And paralleling the scariness of the film, I’ve seen multiple comments about how “unrealistic” this movie is because of course there would be a proper investigation and he would have quickly been found innocent.  They go on to say that only a guilty person would ever need to fear something like this happening.  I wish the world was that cautious with the lives of the innocent, but it is not.  Just look at the many cases of child care operators being accused of child molestation who have had their lives ruined over claims that eventually ended up being untrue.  And in at least one of those cases the investigators asked even more leading questions than the ones in this film.  And there have unfortunately been enough wives that have used it as a tactic during a divorce to get sole custody of the kids that psychologists have been able to build a profile of the women that may be likely to stoop to those depths.  Here’s why it continues to happen now and then: it works.  Even with zero proof the father will very likely never be able to be alone with his kids again.

Don’t get me wrong; there are who knows how many children that do suffer at the hands of adults.  Unfortunately, sometimes the life that gets destroyed is not an innocent child’s but that of an innocent adult.  And no, I don’t feel that that’s an acceptable price to pay on the off chance that a child truly is being harmed.  And no, I don’t feel this strongly about it because I have ever been accused.  What happened to Lucas could just as easily happen to me, or any other person, though.  All it takes is a child that is angry with you and the wrong words said at the wrong time and every one of us would find ourselves in exactly the same situation as Lucas.

So, which is scarier: a real world horror story that could happen to anyone, no matter how good or beloved they are, or some supernatural force eviscerating teenagers?  If you want to watch a real horror story then I highly recommend you see The Hunt.

Chip’s Rating: 4 out of 5 stars


  1. To my great embarrasment I have not seen Jagten yet. That is one of the drawbacks of being an expat, but it has caused quite a stir and debate at home. It is as you say a very real problem and I have witnessed people being destroyed or attempted being destroyed by such accusations. 20 years ago it was very popular among young men to take a sabbatial from their education to work in a kindergarten for awhile. Something especially boy children were benefitting greatly from. That hardly happens anymore. The men has almost entirely disappeared from the kindergartens because of their own fear of accusation and because parents have come to inherently assume that men in kindergartens would be there because they have an unatural love for children.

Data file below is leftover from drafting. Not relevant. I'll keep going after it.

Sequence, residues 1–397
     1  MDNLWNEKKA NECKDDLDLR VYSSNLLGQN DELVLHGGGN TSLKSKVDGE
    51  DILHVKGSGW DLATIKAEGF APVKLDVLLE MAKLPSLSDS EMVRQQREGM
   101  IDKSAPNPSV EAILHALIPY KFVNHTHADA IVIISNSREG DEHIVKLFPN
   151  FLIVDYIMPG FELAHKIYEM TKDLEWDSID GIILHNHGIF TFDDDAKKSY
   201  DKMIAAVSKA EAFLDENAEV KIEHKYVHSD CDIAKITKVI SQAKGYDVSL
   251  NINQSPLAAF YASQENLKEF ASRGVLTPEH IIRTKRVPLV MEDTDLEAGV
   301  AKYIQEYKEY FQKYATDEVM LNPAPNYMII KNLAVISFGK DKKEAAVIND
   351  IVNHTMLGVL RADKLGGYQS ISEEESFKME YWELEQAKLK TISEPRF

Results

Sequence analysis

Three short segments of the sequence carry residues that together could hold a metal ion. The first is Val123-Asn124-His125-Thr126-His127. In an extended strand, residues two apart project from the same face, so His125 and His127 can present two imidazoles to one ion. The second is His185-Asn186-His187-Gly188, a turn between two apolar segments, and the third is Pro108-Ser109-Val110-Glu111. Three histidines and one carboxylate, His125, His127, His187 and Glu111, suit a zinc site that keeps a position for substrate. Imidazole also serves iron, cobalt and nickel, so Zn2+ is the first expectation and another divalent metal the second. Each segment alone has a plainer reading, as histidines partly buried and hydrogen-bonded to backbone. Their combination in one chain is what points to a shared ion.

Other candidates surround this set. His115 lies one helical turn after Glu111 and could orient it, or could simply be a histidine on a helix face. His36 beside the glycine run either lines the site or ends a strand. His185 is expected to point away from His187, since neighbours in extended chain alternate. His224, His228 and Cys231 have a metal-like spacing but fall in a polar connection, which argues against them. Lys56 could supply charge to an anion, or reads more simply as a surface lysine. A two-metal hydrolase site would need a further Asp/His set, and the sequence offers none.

I will see it as soon as I can get my hands on it.

    1. I find the fact that men who genuinely like children and want to teach/mentor them are treated with great suspicion to be one of the truly sad things about society today.

      My mother was a cook at an elementary school for 20 years. She and the other cook (also female) used to let some of the kids help them prepare the meals from time to time. Naturally they would befriend the kids and this included teasing them, joking with them, being interested in the kids' lives, and hugging them when they needed one. My mother got done about 1990. She looks back now and shudders at what could have happened to her if she was doing things like hugging a child now. And how terrible is it that a hug can destroy a life?

      In regards to seeing it, I was lucky. Netflix already has it available on their Instant Streaming service here in the U.S. I saw that it won quite a few of the Roberts and Bodils. I already had it in my queue, but when it got nominated for the Oscar I sat down and watched it soon after.

  2. Good review Chip. This is some brutal stuff here, but what makes it all the harder to watch is to think about something like this actually happening around your area. And even worse, think about how you would act. Would you be dismissive and seemingly believe what everyone else says? Or, would you go out on a limb and see if there was more to the story than originally said? Questions, questions, my friend.

    1. I agree. If you haven't seen it, The Ox-Bow Incident is another excellent film about the lynch mob mentality. It stars Henry Fonda as a man trying to bring some sanity to the proceedings.